5) What gifts for ministry have you discovered during your internship?

Really, it was a wonderful experience.  I felt as though I was able to talk about my experiences authentically, which is more than I can say for many of my friends who unfortunately have found this process to be much more stressful in their own presbyteries.  On every account I was affirmed, and in fact I cannot recall a single moment in that meeting where I felt that I was being judged or criticized. 

I feel almost like its bragging to say this went so well, but the fact is that I know that it only went well because the Holy Spirit is truly present with that committee.  I could feel God in those people so strongly, and in turn was able to feel confidently that God is working through me, even when I cannot see it clearly.  In fact I often question my call, and the most vulnerable aspect part of being in that room was knowing that my future is not in my hands.  Then again, to know that other people are walking alongside me, and that when I fail to see God acting through me they are there to reassure me that God is indeed present in my life,  that is truly a blessing that cannot be ignored.

Into the fire

It’s D-Day.  And by D-Day, I mean my annual CPM meeting.  Now, granted, I love my CPM.  They are great folks and I every year I leave with the sense that they are truly committed to this process.  They are loving and supporting (and to my knowledge none of them read this blog so, no, I am not lying or embellishing.  They really rock.).

But then again, every year I find myself so nervous as I approach that meeting.  This year is no different, and if anything it gets worse because I am finally applying to be moved to candidacy.  This year I was asked to bear my theological soul, bite the bullet and put in writing what I believe about God and ministry and my calling.  And I did it, but doing it makes me vulnerable to these people in a way that I wasn’t before.  Things which before were only mine (my dreams, my beliefs, my fears) are now in their hands, and they can choose to accept them or criticize them at will.  It’s as profoundly scary as it is empowering, and I can only hope that I would remember God is in that room with me, and with them.  Because God is in that room.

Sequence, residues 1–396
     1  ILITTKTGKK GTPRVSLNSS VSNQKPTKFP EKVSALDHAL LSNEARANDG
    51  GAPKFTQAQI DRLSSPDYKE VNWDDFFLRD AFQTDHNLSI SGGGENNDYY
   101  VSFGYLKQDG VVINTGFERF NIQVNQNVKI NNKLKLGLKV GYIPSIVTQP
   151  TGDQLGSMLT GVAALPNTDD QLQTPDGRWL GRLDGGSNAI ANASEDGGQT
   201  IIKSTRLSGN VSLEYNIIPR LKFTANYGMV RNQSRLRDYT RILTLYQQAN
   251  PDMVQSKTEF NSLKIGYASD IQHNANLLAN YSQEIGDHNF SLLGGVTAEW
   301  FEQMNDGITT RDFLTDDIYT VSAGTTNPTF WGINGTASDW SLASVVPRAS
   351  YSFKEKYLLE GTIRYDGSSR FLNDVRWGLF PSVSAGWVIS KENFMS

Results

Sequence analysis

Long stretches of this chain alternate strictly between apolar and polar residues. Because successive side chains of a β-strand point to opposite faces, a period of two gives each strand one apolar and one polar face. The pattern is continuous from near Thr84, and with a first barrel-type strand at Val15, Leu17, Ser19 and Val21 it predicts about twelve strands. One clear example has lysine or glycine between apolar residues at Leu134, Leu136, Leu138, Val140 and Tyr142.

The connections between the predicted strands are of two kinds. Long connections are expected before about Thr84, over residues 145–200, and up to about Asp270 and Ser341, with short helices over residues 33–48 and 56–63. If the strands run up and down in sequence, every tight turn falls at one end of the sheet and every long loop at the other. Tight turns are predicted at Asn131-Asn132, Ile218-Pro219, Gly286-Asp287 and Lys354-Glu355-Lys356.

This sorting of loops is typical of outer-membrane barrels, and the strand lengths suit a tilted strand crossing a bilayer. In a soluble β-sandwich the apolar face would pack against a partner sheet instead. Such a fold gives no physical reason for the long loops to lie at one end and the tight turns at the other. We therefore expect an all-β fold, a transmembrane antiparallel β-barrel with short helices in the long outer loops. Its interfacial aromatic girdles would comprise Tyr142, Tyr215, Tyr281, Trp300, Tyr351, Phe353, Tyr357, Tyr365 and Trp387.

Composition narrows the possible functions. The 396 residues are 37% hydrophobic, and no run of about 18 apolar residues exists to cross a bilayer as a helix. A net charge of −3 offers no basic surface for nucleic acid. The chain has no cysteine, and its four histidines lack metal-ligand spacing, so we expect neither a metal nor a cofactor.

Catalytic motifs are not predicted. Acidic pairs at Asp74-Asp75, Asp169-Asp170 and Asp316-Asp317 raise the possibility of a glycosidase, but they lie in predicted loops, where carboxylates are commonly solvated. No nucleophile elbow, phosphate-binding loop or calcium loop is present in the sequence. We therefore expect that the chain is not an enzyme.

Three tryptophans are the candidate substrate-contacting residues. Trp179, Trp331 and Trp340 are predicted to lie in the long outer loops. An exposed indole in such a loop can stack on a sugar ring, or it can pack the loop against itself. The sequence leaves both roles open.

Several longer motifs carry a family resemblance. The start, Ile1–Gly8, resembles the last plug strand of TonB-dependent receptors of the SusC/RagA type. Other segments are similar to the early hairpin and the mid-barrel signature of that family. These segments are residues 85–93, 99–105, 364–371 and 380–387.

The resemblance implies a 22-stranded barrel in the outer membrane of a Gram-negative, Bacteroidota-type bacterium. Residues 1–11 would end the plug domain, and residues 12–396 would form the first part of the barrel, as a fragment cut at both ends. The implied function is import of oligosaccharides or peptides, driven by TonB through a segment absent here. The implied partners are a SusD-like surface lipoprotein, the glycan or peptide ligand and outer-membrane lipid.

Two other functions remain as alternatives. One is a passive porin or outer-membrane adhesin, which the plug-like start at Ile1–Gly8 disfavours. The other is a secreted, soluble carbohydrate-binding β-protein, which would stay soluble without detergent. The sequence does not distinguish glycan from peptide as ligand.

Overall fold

But just in case…. pray for me, would ya?

When Email fails; blog.

Who knew that in this day and age of dependence on email, that email might actually fail me? I have spent the last week trying to email the following to Broad Street Ministry with no luck… I chalk it up to internet demons.

Anyways, if you are out there Bill, its me, Sarah, eagerly waiting to bequeath you with the reasons for why I would love to work at Broad Street this summer.

Ahoy there! It’s Sarah from Harvard.. It was great to get a chance to chat with you lat week; it truly felt like the Spirit is up to something, from being pointed in the direction of your church, to the parallels between your mission and my passions, to the awesome convo. I took very seriously your invitation to be creative, and thought perhaps I might construct an epic poetic account of myself to describe “Who Am I” but then remembered that I have seriously suboptimal poetic skills (I could give you some references for that if you want.) Anyways, if you want more info, I have a blog (of course I do, right?… and you are currently on it, so welcome to your first internet blog. I hope I don’t disappoint.). I also have a resume, which you mentioned might be helpful.

When I could Start: June 1
When I would have to leave: end of August

Anyways, in the absence of bad poetry, here goes nothing:

Who Am I?

Here are some phrases that describe who I (think I) am:
-passionately seeking to live like Christ
-missionally-minded: in other words, I believe that my whole life is a mission of love and service, and that our calling as Christians extends beyond Sunday and beyond the physical church
-a Presbyterian seminarian in search of a communal ministry that embraces the radicalness of Jesus.
-not content to stay where I am comfortable, but rather impelled to explore the fringes of my faith and my experience